Terry Anderson has one of the noblest agendas in music. He just wants to rock and roll, folks. And that’s what he and his “team” do. Taking their cues from the likes of Rockpile, Faces, NRBQ, and all those bands that deserve to be on every jukebox coast-to-coast, Anderson and his Olympian band have mastered the art of making great music.

Terry Anderson and the OAK Team – More Smooth Jazz and Sweet Sweet Jams
Coming off like a cross between Exile On Main Street-era Stones and your favorite band at the local watering hole on a Saturday night, Terry Anderson and the boys play their brand of rock fast and loose and with some country-esque overtones. It’s a highly enjoyable brew that’ll have you singing – and probably drinking – along in no time flat.

John Borack - Goldmine Magazine

More Smooth Jazz and Sweet Sweet Jams (Doublenaught)

“I’ve got every sound that makes you glad to be alive,” Terry Anderson declares on “I’m Your Radio.”

Isn’t that what it all comes down to? Isn’t that what we’re all looking for in music?

One thing’s for sure: Few evoke that glad-to-be-alive feeling in this listener as well as Terry Anderson and his Olympic Ass-Kickin’ Team. These North Carolinians remind you why you fell in love with rock-and-roll in the first place. They don’t try to reinvent the music – thank goodness – they just distill it to its glorious essence. And not only do they continue to do that, but you’re holding in your hands the evidence that they are getting even better at it. How many rockers can you say that about?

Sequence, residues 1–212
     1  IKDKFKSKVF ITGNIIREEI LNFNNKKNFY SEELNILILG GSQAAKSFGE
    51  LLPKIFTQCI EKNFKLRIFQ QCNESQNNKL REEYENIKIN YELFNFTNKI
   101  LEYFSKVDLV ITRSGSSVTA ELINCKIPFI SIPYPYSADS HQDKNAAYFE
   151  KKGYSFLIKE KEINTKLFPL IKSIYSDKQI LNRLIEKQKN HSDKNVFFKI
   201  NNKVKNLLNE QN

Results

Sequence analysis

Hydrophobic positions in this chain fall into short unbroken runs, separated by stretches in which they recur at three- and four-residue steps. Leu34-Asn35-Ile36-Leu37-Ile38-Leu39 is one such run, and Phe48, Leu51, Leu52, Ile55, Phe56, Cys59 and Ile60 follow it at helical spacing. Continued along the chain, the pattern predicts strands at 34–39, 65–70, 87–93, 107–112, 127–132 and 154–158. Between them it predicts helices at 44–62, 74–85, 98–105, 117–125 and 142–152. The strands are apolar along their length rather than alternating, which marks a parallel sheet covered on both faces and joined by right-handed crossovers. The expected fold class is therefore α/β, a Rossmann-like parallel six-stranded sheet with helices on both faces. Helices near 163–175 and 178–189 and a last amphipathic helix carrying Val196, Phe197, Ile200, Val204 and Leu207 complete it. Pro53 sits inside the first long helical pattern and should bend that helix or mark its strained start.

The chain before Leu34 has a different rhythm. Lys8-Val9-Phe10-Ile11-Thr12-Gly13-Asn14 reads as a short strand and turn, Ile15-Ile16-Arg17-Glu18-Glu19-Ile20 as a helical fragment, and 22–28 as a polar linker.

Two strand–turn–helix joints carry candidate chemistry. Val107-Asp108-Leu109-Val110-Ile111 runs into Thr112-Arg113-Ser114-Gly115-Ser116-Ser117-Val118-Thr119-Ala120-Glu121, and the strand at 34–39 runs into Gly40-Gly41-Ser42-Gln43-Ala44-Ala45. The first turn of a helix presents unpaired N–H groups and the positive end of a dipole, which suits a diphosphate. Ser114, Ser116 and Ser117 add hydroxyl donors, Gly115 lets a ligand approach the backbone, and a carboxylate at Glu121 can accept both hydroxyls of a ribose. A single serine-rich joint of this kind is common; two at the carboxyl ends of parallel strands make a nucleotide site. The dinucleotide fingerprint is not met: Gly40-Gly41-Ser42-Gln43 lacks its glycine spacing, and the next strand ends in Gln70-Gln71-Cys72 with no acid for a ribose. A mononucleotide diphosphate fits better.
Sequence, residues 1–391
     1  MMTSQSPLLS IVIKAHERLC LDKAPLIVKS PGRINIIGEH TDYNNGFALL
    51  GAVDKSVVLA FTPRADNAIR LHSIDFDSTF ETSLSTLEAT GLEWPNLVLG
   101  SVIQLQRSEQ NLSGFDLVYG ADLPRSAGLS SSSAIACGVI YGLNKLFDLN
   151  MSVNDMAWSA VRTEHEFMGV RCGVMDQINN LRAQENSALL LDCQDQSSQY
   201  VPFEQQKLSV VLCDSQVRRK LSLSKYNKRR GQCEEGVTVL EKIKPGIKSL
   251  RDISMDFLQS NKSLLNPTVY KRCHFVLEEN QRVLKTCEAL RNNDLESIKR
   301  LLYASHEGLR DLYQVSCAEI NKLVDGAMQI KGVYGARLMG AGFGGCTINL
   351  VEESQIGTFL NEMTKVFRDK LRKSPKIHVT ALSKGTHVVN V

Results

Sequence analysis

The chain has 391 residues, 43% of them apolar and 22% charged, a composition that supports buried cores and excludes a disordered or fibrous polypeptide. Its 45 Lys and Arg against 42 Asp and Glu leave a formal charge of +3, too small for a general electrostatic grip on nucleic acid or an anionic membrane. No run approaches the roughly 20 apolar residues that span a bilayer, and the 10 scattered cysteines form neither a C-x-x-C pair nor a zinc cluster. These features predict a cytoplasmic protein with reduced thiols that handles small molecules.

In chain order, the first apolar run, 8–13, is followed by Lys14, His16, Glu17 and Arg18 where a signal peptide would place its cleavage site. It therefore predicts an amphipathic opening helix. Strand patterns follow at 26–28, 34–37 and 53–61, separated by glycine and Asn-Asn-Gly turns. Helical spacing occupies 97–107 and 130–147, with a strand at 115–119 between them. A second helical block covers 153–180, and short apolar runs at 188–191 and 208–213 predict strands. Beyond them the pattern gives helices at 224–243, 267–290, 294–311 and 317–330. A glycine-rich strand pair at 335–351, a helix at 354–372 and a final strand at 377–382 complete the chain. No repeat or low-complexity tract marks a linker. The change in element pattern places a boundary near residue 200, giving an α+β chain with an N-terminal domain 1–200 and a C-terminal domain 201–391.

Terry remains an ingenious lyricist with a hook-happy flair, but in many of these new songs, from “Gambled and Lost” to “I’m Your Radio” and “Not Turning Around,” we also sense a stronger  emotional undertow that gives them a deeper pull amid all the usual fun.  As a unit, the OAKTeam – Jack and Dave and Greg accompanying Terry and his drums – has developed into a powerhouse unit.  They  can rock like ass, as their leader likes to say, but also deftly navigate the sweet but never sticky pop of numbers like “Spend the Night.” And they’ve learned to do it with a growing level of studio craft that  never dulls any of the exhilarating, in-your-face immediacy of the tunes.

So there you go. This is music that SHOULD be blasting from radios everywhere. In the meantime, we lucky fans are treated to another blast of the best medicine. As Terry puts it, again in “I’m Your Radio” – “I know what you want to hear.” Does he ever.

Nick Cristiano - The Philadelphia Inquirer

National Champions (Doublenaught)

If listening to some artists' music can feel like work, the collected output of Terry Anderson and the Olympic Ass Kickin Team—a blend of pig-picking goodtimes pop (NRBBQ?) and huge-speaker bar-band rock—is pure play. Anderson has been at it for more than 30 years, and his tunes have stocked the shelves of the Fabulous Knobs, the Woods, the Yayhoos and various other Dan Baird enterprises. A quick trip through a cross-section of those recordings should inspire an image of Anderson, kneeling before a Mount Rushmore of, from left to right, Chuck Berry, Keith Richards, Nick Lowe and Paul Westerberg.